Fortunately, there is a great biography of Borlaug, The Man Who Fed the World, which I highly recommend. Although a lot of people have never heard of Borlaug, he probably saved more lives than anyone else in history. From the mid-1940s through the mid-1960s, Borlaug and a team of scientists successfully developed and introduced high-yielding, disease-resistant wheat seeds and new growing methods in Mexico, dramatically increasing the country’s agricultural production.

Just as Mexico was reaping the agricultural, social, and economic rewards of Borlaug’s efforts, tens of millions of people were on the verge of starvation in South Asia. One scientist, Paul R. Ehrlich, provocatively predicted in a controversial 1968 book, The Population Bomb, that hundreds of millions of people would die of starvation over the next few decades – no matter what anyone did.

Undeterred, Borlaug led the effort to ship thousands of tons of the wheat seeds developed in Mexico to farmers in India and Pakistan. In just a few years, wheat yields in both countries nearly doubled. India and Pakistan became self-sufficient in wheat production. And Borlaug, who became known as the father of the Green Revolution, was awarded the Nobel Peace Prize.

It’s interesting to me how much criticism there has been of Borlaug over the years. It’s almost like people forget, or perhaps never really understood, what he did for humanity. It’s estimated that his new seed varieties saved a billion people from starvation.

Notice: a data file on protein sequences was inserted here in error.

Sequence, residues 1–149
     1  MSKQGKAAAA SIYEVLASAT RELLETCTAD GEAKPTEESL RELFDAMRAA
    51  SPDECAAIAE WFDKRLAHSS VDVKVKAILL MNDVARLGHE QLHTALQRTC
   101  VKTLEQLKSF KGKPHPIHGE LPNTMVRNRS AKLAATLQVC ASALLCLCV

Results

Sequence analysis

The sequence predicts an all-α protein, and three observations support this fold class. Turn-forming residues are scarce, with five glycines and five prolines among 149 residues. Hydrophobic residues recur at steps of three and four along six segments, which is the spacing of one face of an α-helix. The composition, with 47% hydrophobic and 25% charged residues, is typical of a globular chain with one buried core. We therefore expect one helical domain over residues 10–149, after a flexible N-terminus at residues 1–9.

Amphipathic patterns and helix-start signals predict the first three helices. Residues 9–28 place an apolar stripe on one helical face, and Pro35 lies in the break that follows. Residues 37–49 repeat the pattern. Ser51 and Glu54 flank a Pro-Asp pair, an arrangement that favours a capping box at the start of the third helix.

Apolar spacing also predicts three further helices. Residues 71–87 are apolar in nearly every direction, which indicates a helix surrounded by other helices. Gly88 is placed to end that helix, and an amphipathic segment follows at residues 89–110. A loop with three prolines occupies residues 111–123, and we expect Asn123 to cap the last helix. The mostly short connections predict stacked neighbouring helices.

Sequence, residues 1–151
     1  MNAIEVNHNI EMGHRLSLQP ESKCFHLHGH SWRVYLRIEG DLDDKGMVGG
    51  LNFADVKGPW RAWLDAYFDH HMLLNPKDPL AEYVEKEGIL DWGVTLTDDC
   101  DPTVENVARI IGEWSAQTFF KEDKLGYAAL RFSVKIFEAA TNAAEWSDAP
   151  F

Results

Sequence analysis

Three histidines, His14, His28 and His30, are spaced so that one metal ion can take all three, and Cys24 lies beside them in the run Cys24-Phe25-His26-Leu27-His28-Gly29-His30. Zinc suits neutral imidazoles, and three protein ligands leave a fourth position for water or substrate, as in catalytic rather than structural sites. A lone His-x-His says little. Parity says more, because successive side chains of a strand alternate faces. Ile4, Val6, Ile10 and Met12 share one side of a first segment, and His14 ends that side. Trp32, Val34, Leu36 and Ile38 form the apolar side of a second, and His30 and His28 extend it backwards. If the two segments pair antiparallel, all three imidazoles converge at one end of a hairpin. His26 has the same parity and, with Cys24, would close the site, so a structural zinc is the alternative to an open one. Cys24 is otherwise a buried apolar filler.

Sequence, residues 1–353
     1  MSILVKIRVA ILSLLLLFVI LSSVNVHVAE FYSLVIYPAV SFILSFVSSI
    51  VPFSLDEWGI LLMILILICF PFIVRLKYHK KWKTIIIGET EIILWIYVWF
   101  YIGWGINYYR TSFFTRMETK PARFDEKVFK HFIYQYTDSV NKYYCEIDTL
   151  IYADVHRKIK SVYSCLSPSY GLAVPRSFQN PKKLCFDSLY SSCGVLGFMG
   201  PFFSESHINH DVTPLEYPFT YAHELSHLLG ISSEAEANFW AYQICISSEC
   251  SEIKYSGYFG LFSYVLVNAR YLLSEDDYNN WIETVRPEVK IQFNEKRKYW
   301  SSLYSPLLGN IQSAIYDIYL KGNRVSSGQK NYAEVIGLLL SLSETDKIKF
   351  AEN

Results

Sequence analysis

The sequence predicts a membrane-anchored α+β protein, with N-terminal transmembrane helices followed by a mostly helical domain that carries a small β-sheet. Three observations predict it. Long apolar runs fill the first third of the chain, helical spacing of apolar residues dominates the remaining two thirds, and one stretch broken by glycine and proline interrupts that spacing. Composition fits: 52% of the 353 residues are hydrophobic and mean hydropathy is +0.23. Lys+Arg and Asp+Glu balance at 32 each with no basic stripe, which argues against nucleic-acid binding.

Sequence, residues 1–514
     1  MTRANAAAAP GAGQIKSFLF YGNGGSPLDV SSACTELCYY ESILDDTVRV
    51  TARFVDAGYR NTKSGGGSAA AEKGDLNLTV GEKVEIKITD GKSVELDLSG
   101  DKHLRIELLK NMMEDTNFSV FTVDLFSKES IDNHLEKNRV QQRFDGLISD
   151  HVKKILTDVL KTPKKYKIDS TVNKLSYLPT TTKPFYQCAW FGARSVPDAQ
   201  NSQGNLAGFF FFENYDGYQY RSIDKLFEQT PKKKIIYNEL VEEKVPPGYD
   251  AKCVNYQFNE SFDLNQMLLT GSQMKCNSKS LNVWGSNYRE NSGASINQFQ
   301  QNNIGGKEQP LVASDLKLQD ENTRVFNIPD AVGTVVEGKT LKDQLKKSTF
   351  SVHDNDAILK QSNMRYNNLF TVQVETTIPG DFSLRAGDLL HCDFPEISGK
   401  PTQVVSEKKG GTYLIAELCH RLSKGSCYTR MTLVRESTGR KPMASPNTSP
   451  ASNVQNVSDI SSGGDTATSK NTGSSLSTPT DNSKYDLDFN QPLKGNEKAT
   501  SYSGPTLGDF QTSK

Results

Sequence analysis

But the significance of his work goes even further. When people get enough food to eat, their health improves and they are less susceptible to disease. In children, especially, improving their nutrition dramatically improves their brain and physical development. Much of the dramatic increase in productivity coming out of Asia over the last few decades is due to Borlaug’s Green Revolution.

One of the criticisms of Borlaug’s methods is the overuse of fertilizer. Even as great as his seeds were, they don’t grow magically. It’s true that there is a negative effect from the overuse of nitrogen, one of the key ingredients in fertilizer. It can flow into rivers and create algae blooms that kill fish. Today, as we look at increasing agricultural productivity, we do need to be smarter about how fertilizer is used in order to avoid these problems. For example, it can be applied in smaller doses near the root and irrigating can be done in a way that minimizes the flow of nitrogen into rivers.